My Daughter Wants to Quit Sixth Grade

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I found this old Livejournal post from December 2005, from my first month blogging, from when people actually commented on my blog and I actually knew everyone who did. All very weird. It’s a continuation in my 10 days of throw-back posts.

Here it goes.

My daughter wants to quit sixth grade.

Yesterday, as a result of a student rep meeting, the school stopped serving cookies.

Em, my daughter, said at the student rep meeting that it seemed strange to her that the school sells cookies for a quarter and salad for a dollar, when there’s this big “Healthy Eating Campaign.” She said it made it easier for rich kids to eat healthy because the rich kids have more money. Plus, you can get four cookies for the price of one salad, which makes you think it’s a much better deal so everyone who has a dollar buys four cookies.

The principal wrote in the minutes, “Kids question cost of healthy food vs cookies.”

The cook read it, thought, “They want no snack food. I’ll get rid of the cookies.”

The cook did.

Now, there are no more cookies. Now, there is no more ice cream. Not Em’s intention. Nor did she know it was happening. She likes cookies. She loves ice cream. She just doesn’t eat them all the time.

So, yesterday, a mean eighth grader named Sebastian spent all of recess running around demanding to know whose fault it was. Someone said Em mentioned something about cookies at a rep meeting. Sebastian with an ever-growing gang of followers (all eighth-grade boys) found some of Em’s friends and surrounded them.

“Do you know Emily?” they demanded. “Where is she?”

“She’s in Mr. Stackpole’s room, working on an essay.”

The bell rang. Three eighth grade boys sprinted for Mr. Stackpole’s room, where ring leader, Sebastian yelled in Emily’s face, “There are no cookies! There are no cookies! Bitch!”

Em had no idea what he was talking about. Because she is totally tough, she tried to ignore them. They didn’t stop. Her classmates filtered in.

“You took our cookies!” Sebastian screamed. 

Em gave in, looked up at the face of a big eighth-grade boy, who easily outweighs her by a hundred pounds and said in her takes-no-prisoners way, “I have no idea what you’re talking about.”

Yes, Em does say sentences like that with that kind of Liam Nieson composure. I hear them all the time, especially when I ask her if she’s ready to wake up for school.

So, another classmate tells them to leave her alone and the boys leave when the teacher comes. Em is filled in about the cookie thing. All the 7th and 8th graders are angry at her. The sixth graders get it. The principal talks about it at the honors banquets. Emily, really, really, really does not want to go to school again.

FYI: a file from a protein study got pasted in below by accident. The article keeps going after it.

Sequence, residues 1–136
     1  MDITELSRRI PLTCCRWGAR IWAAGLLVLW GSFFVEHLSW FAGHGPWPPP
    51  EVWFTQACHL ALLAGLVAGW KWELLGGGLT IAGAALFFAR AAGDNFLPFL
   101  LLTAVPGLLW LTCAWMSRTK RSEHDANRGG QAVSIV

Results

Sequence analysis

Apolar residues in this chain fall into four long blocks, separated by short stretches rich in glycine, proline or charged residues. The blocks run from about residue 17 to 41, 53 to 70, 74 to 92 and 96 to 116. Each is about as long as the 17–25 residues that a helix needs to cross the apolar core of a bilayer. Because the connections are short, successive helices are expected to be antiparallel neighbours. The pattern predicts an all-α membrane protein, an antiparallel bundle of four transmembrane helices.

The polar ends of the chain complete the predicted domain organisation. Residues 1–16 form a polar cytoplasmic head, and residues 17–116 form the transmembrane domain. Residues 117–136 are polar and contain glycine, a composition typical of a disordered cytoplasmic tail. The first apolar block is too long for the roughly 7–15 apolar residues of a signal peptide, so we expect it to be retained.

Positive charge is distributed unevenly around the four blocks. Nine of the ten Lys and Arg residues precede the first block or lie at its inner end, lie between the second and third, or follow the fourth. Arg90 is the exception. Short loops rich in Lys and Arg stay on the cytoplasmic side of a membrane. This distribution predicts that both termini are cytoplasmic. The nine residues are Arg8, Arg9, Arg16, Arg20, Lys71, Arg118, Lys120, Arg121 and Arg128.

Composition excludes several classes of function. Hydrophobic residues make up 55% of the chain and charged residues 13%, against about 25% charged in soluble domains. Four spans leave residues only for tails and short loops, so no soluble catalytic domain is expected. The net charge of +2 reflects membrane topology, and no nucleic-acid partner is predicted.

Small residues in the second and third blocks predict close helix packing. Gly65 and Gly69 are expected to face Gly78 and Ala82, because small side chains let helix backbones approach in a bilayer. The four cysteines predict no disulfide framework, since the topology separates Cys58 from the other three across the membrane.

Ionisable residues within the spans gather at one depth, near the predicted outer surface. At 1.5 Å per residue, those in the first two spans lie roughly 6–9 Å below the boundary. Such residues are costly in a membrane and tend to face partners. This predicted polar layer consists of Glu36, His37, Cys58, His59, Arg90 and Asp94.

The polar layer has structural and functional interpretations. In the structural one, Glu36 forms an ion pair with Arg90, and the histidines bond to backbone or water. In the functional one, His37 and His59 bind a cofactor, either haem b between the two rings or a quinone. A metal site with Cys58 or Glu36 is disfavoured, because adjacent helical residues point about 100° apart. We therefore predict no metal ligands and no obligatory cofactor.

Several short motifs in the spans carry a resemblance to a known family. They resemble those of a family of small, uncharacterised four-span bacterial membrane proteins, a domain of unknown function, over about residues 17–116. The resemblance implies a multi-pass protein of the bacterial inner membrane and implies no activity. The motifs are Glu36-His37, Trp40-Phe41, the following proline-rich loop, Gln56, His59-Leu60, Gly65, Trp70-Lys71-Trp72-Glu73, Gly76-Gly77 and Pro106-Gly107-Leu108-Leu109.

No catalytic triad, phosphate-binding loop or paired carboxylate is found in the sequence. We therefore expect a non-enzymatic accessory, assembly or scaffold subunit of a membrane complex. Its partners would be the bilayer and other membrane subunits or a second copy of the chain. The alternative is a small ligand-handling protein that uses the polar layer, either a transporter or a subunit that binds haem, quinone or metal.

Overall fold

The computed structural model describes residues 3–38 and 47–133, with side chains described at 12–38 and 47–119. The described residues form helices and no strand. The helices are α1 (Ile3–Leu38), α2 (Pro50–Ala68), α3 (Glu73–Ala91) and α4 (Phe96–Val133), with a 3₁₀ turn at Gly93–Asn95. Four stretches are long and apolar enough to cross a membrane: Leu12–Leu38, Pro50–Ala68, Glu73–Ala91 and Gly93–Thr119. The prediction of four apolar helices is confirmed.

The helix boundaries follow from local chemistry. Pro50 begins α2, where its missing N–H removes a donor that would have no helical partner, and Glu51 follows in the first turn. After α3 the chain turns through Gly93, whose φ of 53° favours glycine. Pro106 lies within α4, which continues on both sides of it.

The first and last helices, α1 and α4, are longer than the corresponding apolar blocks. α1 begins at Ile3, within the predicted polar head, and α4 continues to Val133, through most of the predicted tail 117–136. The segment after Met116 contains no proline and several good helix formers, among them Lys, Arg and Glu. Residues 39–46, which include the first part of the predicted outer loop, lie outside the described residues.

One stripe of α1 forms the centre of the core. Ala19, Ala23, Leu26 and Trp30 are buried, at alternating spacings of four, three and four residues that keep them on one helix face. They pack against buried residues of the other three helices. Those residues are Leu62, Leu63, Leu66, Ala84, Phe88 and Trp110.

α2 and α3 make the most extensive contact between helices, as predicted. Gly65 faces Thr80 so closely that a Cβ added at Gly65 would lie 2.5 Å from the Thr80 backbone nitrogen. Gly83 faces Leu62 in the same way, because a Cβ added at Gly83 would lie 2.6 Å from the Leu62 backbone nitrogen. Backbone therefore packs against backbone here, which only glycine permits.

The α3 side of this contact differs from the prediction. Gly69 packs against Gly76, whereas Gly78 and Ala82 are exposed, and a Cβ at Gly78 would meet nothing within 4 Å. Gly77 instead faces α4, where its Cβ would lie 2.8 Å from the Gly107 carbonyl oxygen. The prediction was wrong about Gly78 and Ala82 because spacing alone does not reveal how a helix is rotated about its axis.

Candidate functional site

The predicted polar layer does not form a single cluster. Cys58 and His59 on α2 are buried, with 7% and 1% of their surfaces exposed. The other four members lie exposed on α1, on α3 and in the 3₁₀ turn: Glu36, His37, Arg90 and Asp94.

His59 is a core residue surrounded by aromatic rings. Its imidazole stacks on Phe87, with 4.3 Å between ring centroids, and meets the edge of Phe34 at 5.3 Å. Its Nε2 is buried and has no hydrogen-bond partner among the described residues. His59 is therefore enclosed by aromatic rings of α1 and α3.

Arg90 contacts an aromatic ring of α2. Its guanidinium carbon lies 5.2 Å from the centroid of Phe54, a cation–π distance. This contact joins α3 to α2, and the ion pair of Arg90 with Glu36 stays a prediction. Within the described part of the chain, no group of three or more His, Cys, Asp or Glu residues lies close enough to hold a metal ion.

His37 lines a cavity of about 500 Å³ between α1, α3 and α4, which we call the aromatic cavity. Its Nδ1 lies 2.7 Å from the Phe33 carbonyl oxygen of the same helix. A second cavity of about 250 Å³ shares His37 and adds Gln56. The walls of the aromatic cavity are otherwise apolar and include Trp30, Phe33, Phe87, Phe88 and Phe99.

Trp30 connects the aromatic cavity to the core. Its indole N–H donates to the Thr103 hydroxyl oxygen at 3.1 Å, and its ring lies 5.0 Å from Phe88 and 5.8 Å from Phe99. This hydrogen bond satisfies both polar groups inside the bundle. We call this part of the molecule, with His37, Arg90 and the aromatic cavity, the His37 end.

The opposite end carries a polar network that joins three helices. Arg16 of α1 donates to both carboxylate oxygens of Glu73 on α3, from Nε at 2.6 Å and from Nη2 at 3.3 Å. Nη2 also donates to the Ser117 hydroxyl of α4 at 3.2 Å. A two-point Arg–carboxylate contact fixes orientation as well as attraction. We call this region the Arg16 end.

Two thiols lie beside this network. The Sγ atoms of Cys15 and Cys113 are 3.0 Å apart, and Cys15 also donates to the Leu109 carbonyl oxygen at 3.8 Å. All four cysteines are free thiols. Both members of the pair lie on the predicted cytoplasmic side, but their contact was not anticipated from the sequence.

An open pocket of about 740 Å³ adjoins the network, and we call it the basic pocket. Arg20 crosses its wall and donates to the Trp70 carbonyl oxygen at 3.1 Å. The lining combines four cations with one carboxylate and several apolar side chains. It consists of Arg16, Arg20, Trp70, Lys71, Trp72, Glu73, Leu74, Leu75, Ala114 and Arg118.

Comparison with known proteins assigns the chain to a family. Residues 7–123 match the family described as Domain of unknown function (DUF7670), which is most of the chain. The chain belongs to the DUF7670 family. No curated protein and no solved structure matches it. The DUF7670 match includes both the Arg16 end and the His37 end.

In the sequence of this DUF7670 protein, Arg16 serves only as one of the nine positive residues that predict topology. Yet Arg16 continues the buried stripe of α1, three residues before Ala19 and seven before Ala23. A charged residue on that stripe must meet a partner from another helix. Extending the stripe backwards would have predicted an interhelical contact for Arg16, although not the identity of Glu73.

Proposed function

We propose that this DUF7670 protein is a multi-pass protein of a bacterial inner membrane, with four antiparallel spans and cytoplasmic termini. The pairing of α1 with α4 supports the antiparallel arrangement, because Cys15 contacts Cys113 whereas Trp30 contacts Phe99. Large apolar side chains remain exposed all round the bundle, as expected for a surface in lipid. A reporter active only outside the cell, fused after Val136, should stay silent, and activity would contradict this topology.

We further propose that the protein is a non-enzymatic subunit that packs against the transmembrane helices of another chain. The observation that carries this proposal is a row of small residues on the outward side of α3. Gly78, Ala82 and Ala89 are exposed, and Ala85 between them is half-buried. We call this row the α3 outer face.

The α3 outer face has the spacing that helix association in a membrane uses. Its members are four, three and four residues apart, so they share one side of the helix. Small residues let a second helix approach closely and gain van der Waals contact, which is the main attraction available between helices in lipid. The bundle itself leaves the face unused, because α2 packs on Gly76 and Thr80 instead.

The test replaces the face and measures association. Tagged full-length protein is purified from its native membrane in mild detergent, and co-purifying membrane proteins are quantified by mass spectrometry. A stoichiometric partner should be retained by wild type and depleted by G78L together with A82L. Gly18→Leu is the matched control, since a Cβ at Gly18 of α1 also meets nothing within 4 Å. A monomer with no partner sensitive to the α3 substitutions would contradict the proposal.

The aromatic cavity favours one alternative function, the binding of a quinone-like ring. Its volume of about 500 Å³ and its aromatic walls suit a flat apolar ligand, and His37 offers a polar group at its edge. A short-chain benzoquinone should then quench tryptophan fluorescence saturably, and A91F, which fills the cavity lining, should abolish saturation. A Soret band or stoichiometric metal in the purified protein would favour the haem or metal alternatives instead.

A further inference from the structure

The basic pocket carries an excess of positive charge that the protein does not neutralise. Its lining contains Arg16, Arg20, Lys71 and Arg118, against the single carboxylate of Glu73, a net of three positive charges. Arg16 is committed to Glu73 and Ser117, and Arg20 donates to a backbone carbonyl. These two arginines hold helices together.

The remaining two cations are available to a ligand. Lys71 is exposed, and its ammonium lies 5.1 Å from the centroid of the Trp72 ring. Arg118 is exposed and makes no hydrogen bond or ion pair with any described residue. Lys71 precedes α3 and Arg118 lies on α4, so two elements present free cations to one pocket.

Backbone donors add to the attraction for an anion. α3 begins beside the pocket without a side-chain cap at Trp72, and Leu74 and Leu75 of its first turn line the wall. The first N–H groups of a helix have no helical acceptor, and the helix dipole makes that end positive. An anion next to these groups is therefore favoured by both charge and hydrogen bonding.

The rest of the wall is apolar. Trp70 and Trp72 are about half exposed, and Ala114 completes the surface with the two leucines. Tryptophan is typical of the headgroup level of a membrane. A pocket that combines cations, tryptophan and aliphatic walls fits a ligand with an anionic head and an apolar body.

“I do not like eighth grade boys,” she tells me this morning. “I really do not like them.”

“That’s okay,” I tell her. 

“Is that what men are like?” she says. She waits because I haven’t answered and then she repeats, “Men?”

I nod. “Not all men. Not all boys. Not all people are like that. Girls are mean too, right?”

“Yeah,” she says and stares out the window, “I guess.”

She doesn’t seem convinced.

And as I’m re-reading this post in the now, I’m sort of wondering how this event helped shape Emily into the awesome person she is today. How awesome?

1. She could be my body guard. She’s taken Krav and she’s a field artillery officer. I am serious.
2. She went to Harvard and has a super-high GPA but she is still nice and not pretentious and won awards for her thesis.
3. She still thinks healthy choices should be as inexpensive as not-so-healthy choices

I am proud of her, so super proud of her. Not because she is strong or smart, but because she has so much integrity and so much will, because she battles it out in crappy situations and doesn’t publicly lose her cool. I am proud of her because she is such a warrior. And because she thinks about things like healthy choices, because even in sixth-grade when someone huge and angry called her a bitch, she didn’t flinch.

She didn’t flinch because she knew that she was awesome.

I want everyone to be like that.

I want to be like that.

But I’m also so proud of her because she didn’t quit sixth grade. She came through it. And as a parent, it’s so hard sometimes to believe that your kids will make it through really tough times. Sometimes they don’t. And all we can do is love them and try to be empathetic and strong for them. And sometimes we don’t do that perfectly. That’s because we’re human. We’re all human. And we all need to love.

We like to think that we can control our kids’ choices, always heal their pain, but we aren’t all-powerful, none of us. We can’t fix so many things and we definitely can’t control outcomes and feelings of other people. And that’s hard to come to terms with. We want to save the world. We want to save our family. We want the power to fix all things and we don’t have that. We can only make our own choices and hope.

All we can do is do our best. Speak our truths. Love our loves. Respect and listen to other experiences and stop judging so much when other people’s experiences and thoughts and loves and life choices aren’t our own.


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